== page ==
Word to the wise – never go swanning about in subterranean Victorian tunnels if you can help it. You can hide armies down there, and of course, many species have done over the centuries of Who-lore. The latest of them at least explain one of the Contingency’s unique selling points as a place of relaxation for discerning gentlemen. But as the drama unfolds, you get less interested in running away from things, even things as persistent as what’s down in the tunnels, because there are more interesting central things going on. For neither the first nor the last time, Big Finish’s contact book puts many TV drama companies to shame. The much-vaunted Red Queen is played by Lorelei King with a relish that makes the character more than just what she appears – and she already appears to be plenty. There are elements of the name, the plotting, and the personification of the character that punch through from the situation in which (ahem) King’s Queen finds herself to other great popular fiction, and that for an agreeable while makes Who-fans think of beings we’ve seen that had similar needs for diversion much earlier in the show’s history. It would be certainly true that, to borrow from Lewis Carroll, the Red Queen is ‘the cause of all the mischief’ in the story, and as in any good game of chess, there are two queens at play in this story – and a king to boot, as well as a seeming army of pawns and at least one bishop on either side of what is laid out like a battlefield of hidden mines, Mulryne being unafraid to present several levels of his storytelling at once. That’s one of the most impressive points about the scripting of this story – it moves at a thrumming pace, and then, while it’s moving, and you’re dancing around in Victorian circles trying to find the lady, the whole thing grows and separates, adding dimensions as it moves. The cast also brings in two of Britain’s best character actors in key roles – Philip Jackson as Mr Peabody, the nominal secretary of the Club, and the ever-joyous Clive Merrison as Mr George Augustus, he who wants in to the Club, but can’t get an invite. King, Merrison, Jackson and Alison Thea-Kott as Marjorie Stonegood, the daughter with the tunnel-fixation, raise the game of this release even above usual Big Finish standards, and the joy is that they take roles that Mulryne has made rich and fully-fleshed.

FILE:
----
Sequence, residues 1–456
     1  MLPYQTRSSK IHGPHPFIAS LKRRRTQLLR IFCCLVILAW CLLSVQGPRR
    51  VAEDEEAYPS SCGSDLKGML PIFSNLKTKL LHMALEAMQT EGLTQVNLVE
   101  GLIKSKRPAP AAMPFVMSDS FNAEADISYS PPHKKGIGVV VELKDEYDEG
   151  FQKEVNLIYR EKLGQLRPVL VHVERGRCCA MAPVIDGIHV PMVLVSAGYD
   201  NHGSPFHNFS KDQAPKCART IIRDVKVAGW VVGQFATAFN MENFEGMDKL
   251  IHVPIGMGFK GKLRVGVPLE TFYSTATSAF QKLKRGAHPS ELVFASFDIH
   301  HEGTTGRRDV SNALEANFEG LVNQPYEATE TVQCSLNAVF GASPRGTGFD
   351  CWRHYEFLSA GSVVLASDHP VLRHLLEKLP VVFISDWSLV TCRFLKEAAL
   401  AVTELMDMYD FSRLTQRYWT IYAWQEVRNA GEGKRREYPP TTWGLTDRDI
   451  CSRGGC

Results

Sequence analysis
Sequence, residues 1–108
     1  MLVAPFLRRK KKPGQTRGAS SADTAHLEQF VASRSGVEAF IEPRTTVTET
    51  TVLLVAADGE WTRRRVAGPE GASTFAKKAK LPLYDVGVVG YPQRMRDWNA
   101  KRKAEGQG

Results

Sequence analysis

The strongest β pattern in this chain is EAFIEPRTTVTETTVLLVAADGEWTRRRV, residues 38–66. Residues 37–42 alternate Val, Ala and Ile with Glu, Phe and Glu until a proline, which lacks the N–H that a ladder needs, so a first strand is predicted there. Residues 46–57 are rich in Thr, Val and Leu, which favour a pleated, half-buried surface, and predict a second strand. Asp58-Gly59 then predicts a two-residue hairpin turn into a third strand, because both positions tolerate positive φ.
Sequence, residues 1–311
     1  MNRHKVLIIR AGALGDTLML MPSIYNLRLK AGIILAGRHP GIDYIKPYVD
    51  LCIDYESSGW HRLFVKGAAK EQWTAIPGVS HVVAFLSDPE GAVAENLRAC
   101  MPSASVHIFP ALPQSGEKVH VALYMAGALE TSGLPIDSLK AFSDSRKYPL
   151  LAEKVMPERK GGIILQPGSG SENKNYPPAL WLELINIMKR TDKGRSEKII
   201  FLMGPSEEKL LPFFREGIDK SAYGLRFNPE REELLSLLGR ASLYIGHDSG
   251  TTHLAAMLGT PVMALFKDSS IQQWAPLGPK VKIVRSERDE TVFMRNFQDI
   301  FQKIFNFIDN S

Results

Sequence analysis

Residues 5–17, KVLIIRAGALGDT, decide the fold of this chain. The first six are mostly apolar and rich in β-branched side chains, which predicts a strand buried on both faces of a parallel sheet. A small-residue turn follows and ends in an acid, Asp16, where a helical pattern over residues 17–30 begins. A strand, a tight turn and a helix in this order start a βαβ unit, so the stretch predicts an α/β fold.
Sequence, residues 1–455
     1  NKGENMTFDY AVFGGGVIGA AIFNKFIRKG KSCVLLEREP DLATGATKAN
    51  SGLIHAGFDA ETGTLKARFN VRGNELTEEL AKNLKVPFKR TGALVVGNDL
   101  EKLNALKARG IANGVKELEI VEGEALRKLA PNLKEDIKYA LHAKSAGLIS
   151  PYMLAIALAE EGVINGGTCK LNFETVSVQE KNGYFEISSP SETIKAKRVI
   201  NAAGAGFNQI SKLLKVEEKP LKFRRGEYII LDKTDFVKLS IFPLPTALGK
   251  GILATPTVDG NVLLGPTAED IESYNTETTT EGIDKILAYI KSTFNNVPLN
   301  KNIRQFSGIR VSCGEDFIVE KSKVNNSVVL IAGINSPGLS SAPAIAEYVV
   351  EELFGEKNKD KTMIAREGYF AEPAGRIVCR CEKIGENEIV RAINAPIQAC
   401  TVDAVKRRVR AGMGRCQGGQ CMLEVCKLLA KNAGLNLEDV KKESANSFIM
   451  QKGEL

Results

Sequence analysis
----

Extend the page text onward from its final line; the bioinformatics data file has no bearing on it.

You want extra joy? Not a problem, because here’s the weirdest thing about these characters – yes, they’re rich, yes, they’re fully-fleshed, and yes, every single one of the actors knocks them out of the park, but they also maintain a degree of mystery about what’s actually going on that lets at least a few of them spin forward to potential future adventures. And we want them – we want to know more about the Red Queen and the gambit she’s involved in here. We want to hear what she does next, and we want to know more about her genuine opponent in this story. More Mulryne, more Red Queen, whole different story to follow up, please Big Finish.
Oh, and yes, in case you’re wondering, there’s a valid reason the Tardis falls out of the vortex. And while it starts out as an oddity, the reason turns out to be central to the resolution of events at the Contingency Club.
The Contingency Club is one of those Big Finish stories that’s actually a symphony – it starts like Mozart, barely anything, and then grows and swells, beyond anything you imagine it has the wings to do. Mulryne’s script is cleverer than you imagine, and richer, and the combination of the casting and the direction by Barnaby Edwards turns it into exactly what the Gentlemen’s Clubs were – an exquisite puzzle box, a beautifully upholstered mystery, and a time capsule against the outside world.
Get The Contingency Club today and lock yourself in. You’re going to love it.